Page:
Wenger and Mancini: Two contrasting approaches

Roberto Mancini was clear why City lost to Man Utd in the last minute.
“In the final minutes of a game like that you must try to keep the ball and play slowly because the game is finished,” he said. “I’m angry and disappointed about this.”
He was referring to Craig Bellamy losing possession of the ball while trying an ambitious 60 yard cross field pass. An inevitable draw was turned on its head by that one fatal mistake.
Contrast and compare, Wenger’s refusal to single out the many goalkeeping blunders by Lukacz Fabianski as instrumental in Arsenal’s losses.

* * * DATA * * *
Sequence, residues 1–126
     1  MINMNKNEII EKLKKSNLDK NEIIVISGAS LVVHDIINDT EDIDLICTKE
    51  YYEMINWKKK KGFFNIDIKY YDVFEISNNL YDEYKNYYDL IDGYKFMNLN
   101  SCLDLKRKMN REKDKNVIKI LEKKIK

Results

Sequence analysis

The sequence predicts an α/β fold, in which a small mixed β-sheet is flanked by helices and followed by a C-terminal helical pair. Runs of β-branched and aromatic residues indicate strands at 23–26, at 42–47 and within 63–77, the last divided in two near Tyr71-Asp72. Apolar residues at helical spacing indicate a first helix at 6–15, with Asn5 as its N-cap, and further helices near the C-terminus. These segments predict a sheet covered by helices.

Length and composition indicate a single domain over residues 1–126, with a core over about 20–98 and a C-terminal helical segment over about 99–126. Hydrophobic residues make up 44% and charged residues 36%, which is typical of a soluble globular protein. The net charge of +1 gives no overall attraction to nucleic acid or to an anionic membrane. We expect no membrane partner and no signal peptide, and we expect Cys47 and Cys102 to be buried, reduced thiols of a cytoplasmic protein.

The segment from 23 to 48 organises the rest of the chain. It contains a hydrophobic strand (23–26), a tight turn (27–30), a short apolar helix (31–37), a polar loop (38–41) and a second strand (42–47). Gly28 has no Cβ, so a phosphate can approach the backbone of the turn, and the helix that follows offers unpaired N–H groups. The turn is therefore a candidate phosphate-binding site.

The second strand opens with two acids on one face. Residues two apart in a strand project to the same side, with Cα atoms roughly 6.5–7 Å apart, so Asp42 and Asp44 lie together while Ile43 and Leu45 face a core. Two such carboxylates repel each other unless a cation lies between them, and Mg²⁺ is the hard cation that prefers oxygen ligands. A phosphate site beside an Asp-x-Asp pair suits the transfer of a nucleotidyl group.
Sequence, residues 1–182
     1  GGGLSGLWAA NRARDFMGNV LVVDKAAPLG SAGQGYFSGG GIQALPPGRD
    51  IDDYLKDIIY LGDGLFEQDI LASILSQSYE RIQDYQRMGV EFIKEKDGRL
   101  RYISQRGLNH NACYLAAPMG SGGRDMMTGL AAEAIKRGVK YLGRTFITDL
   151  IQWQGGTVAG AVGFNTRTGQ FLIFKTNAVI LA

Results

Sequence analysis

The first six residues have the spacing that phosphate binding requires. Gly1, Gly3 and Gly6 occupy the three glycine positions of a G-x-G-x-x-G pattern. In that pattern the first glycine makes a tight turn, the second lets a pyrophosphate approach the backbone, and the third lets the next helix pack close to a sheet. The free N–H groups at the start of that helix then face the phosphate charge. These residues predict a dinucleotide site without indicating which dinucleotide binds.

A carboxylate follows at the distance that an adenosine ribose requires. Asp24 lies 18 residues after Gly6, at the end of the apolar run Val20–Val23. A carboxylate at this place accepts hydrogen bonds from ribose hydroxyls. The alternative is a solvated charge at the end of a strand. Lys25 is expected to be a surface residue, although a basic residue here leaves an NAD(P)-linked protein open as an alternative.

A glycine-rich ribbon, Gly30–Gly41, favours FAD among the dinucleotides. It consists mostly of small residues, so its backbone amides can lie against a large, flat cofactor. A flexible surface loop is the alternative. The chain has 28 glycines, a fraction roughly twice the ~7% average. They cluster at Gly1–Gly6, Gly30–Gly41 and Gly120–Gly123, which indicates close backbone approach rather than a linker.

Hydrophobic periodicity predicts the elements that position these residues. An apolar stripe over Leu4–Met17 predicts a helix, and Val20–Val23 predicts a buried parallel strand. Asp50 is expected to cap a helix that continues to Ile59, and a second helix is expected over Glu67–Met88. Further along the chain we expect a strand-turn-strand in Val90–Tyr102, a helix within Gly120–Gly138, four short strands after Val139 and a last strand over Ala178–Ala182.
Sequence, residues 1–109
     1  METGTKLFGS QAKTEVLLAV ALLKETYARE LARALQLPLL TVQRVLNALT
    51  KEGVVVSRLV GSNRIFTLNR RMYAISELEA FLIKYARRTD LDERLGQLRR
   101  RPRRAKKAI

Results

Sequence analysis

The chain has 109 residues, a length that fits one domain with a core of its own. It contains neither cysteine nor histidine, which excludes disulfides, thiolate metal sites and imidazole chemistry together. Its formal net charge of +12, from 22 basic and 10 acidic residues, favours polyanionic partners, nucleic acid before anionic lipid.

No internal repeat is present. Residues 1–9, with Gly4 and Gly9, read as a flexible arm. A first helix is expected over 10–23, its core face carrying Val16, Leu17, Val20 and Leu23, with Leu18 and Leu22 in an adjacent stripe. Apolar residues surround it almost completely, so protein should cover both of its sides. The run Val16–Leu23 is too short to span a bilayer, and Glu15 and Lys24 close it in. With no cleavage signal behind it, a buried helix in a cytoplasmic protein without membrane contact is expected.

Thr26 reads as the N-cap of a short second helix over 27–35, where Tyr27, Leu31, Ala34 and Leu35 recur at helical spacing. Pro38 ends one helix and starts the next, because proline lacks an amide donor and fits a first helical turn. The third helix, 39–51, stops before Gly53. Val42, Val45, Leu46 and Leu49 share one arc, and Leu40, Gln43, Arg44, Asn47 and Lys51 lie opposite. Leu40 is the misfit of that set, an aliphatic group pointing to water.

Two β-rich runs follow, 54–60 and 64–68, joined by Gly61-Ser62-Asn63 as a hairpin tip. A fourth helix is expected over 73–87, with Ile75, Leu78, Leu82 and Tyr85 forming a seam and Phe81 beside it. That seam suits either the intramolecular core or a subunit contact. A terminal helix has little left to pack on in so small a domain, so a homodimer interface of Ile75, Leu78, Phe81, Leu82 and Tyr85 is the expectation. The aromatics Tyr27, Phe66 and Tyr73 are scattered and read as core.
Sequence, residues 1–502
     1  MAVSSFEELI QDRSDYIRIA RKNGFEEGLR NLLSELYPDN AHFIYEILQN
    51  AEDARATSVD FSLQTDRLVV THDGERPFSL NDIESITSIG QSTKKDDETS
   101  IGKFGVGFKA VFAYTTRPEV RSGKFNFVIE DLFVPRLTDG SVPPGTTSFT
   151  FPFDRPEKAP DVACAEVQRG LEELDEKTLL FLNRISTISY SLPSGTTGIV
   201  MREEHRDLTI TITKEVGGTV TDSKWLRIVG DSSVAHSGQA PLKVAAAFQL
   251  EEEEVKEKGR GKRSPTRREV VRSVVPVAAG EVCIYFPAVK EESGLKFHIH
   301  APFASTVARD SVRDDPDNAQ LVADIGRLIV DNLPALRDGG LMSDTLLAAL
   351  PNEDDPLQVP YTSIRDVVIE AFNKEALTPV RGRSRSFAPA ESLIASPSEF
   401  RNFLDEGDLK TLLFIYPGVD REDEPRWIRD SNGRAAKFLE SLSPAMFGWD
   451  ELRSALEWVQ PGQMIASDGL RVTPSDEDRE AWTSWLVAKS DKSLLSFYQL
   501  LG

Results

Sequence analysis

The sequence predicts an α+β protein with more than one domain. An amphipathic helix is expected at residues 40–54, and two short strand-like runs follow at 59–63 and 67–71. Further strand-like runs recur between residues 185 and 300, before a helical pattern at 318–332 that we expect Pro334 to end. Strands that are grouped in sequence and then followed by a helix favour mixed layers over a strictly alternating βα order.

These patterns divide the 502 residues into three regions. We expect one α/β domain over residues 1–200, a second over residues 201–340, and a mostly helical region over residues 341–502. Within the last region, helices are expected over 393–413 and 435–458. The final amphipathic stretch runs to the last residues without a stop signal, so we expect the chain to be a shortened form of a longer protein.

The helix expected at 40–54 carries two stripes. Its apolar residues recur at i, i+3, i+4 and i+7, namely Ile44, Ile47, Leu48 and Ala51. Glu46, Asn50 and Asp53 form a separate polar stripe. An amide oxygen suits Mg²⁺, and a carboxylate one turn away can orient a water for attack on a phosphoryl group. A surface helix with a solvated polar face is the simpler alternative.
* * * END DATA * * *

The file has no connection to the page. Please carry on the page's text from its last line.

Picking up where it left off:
Google up “Wenger Fabianski not to blame” and see how many hits you get.
On one level, it can be construed as nurturing a player with a fragile temperament in the spring of his career. On the other hand, it can be interpreted as a “head in the sand” approach to the game. Either way, Fabianski is blessed he has Wenger as his coach. It also shows when it comes to ruthlessness, Wenger stands at the back of the line. Good for the players, bad for the club.

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